Exploring the digital divide in rural and urban communities
By Adam Polaski
In Tabor, Iowa, the self-proclaimed “small town you’ve been looking for,” getting connected to the community has never been too difficult. The town, which measures 1.3 square miles and is home to fewer than 1,000 people, features four churches, only two restaurants and a strong sense of community togetherness. But before 2008, getting connected to anywhere outside of Tabor wasn’t the easiest task. That’s because the town had poor Internet access with few options for providers—the fastest available service was a digital subscriber line, or DSL, from the privately-owned Iowa Telecom service.
“With DSL, the speed varies,” Ross Silcock, a member of the Tabor City Council, explained. “They sell it as ‘high-speed Internet,’ and I think they mean ‘high-speed compared to dial-up,’ because it’s not high-speed Internet. It was very variable, and there were times when it would slow down and virtually stop.”
Perhaps because the town’s population was so small and thus represented a rather low potential profit, Iowa Telecom was unwilling to upgrade the technology in Tabor. Broadband, or a fast connection to the Internet that’s always on, simply didn’t exist in the town.
Mapping the Disparity
The residents in Tabor weren’t alone in their struggles to connect to broadband. Even in 2011, when you’re considered behind the times if you can’t check your Facebook from your cell phone, basic, reliable Internet access remains out of reach for many communities in the United States.
The National Broadband Map, a project of the U.S. Department of Commerce’s National Telecommunications and Information Administration, charts broadband availability throughout the country, and it demonstrates the extent of the issue. Released in February, the map, which is searchable and interactive to show which Internet services are available where, is an easy way to see where holes exist in American broadband coverage.
Some of those holes are troublingly large—wide expanses of the mountain west, southwest and inland northwest are essentially broadband deserts. Overall, 5 percent of Americans can’t access Internet at speeds efficient enough to allow for basic web functions, including downloading images, sending email, browsing the Internet and video conferencing. An additional 5 to 7 percent of Americans have substandard broadband service, allowing them to access the Internet, but at comparatively slow speeds and with unreliable connections.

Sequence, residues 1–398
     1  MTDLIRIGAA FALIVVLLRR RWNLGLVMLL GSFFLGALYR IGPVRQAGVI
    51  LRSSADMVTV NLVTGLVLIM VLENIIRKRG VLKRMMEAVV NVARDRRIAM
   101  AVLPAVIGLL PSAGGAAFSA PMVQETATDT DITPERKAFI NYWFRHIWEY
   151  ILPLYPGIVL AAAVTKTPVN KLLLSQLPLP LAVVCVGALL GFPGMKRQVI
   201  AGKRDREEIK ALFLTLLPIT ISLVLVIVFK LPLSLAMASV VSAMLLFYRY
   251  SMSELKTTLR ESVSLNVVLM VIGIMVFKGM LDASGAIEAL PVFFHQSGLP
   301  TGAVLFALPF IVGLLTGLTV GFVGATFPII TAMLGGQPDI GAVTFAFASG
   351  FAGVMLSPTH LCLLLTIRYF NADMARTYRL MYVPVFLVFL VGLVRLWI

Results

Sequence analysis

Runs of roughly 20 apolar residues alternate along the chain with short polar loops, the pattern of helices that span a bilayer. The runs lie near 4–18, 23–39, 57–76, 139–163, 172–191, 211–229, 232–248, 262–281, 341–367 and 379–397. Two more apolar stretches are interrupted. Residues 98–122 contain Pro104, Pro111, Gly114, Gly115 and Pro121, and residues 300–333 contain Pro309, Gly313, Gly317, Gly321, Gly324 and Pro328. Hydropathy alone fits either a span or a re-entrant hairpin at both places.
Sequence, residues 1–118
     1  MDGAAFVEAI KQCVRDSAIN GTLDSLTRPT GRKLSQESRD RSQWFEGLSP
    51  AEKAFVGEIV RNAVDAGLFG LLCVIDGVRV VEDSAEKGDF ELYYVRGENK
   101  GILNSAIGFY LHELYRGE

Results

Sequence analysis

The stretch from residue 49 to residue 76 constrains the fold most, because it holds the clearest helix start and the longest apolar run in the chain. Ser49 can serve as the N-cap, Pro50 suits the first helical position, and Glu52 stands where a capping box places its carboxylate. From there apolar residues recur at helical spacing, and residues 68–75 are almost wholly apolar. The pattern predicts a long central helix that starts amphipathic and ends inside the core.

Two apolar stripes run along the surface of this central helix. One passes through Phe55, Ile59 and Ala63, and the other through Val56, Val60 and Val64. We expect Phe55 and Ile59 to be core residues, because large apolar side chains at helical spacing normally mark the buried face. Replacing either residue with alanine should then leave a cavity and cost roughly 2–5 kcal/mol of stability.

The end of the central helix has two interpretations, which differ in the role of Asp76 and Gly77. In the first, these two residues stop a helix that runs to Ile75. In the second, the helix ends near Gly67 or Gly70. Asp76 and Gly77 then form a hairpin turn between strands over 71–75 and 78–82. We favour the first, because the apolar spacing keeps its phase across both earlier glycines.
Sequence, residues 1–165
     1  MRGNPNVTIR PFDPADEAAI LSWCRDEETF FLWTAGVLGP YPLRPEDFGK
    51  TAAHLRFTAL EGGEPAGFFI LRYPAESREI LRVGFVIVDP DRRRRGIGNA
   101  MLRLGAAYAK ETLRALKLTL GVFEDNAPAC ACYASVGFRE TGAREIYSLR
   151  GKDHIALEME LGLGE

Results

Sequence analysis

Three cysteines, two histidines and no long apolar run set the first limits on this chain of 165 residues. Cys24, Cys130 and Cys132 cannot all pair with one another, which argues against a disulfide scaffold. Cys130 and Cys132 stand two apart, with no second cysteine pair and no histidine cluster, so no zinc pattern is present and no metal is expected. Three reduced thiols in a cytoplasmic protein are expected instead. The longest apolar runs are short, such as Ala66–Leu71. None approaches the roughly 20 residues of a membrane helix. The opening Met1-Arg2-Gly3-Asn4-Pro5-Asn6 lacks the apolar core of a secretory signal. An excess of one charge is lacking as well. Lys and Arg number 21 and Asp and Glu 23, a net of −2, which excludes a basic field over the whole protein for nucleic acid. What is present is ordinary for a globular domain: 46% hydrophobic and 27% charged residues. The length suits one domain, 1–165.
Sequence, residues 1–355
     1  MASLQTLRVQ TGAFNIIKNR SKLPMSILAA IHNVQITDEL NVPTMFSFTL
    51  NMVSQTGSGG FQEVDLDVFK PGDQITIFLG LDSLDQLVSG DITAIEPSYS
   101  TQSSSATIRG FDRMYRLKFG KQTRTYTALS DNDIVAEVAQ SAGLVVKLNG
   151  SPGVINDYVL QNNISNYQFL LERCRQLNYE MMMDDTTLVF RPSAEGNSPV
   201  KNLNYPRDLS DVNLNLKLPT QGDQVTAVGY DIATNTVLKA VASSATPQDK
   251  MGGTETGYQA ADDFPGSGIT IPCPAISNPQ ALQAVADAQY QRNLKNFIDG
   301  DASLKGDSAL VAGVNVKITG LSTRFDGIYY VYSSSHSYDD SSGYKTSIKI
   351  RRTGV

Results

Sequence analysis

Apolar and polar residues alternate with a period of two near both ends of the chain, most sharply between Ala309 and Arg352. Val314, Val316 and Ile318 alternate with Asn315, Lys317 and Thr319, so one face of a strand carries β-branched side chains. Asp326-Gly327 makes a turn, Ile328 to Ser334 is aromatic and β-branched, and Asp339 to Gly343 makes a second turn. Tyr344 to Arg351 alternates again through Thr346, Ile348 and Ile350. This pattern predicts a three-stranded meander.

“It was pretty shocking when they found out exactly how many people couldn’t really use the Internet,” Molly McHugh, contributor to tech blog Digital Trends, said. “As you can see from looking at the map, which is being updated regularly—the project is ongoing—it’s pretty blank in the middle of the United States. There’s a huge gap in how many people can access high-speed Internet.”
The Rural Population Left Behind
An important trend seen in the map—and a significant explanation for some of that gap—is that there is greater access to broadband in urban areas than there is in rural areas. In fact, about 10 percent more people in urban areas have access to fast broadband when compared with people in rural areas.
Brian Depew is the director of rural organizing & outreach programming at the Center for Rural Affairs in Lyons, Neb. He argues that Internet access is fundamentally necessary to strengthen the infrastructure of rural communities, which without it could be left behind.
“Rural broadband speeds still tend to lag behind urban speeds, and costs tend to be higher because there’s less competition and the technology that serves rural areas is more expensive per person,” he said. “Oftentimes, it means they’re paying more for service that’s not as fast as they have in urban areas.”
The map was funded by the Obama administration’s 2009 American Recovery and Reinvestment Act, which afforded $7.2 billion in stimulus funds to states to increase their broadband access in rural areas. It’s part of the National Broadband Plan, which began in 2009 with one of its most general goals: According to its website, “Every American should have affordable access to robust broadband service and the means and skills to subscribe if they so choose.” Despite some issues, including inconsistent data collection methods that may have resulted in over- or under-reporting of the actual amount of broadband coverage, the map was one of the most important first steps in asserting evidence that change is necessary.
An Essential Resource
Obama’s commitment to greater web connectivity brings up the increasingly supported perspective that the Internet is no longer an extraneous luxury. Advocacy groups cite a long list of reasons that people need to be online. S. Derek Turner is the research director of Free Press, a media reform group based out of Washington, D.C., that works as a strong proponent of universal Internet access. “It’s an essential infrastructure,” Turner said. “It’s just as important as energy or water or electricity.”
As more news sources migrate to cyberspace and become exclusively web-based, it’s clear that we need the Internet to ensure that we’re receiving information and maintaining a well-educated citizenry.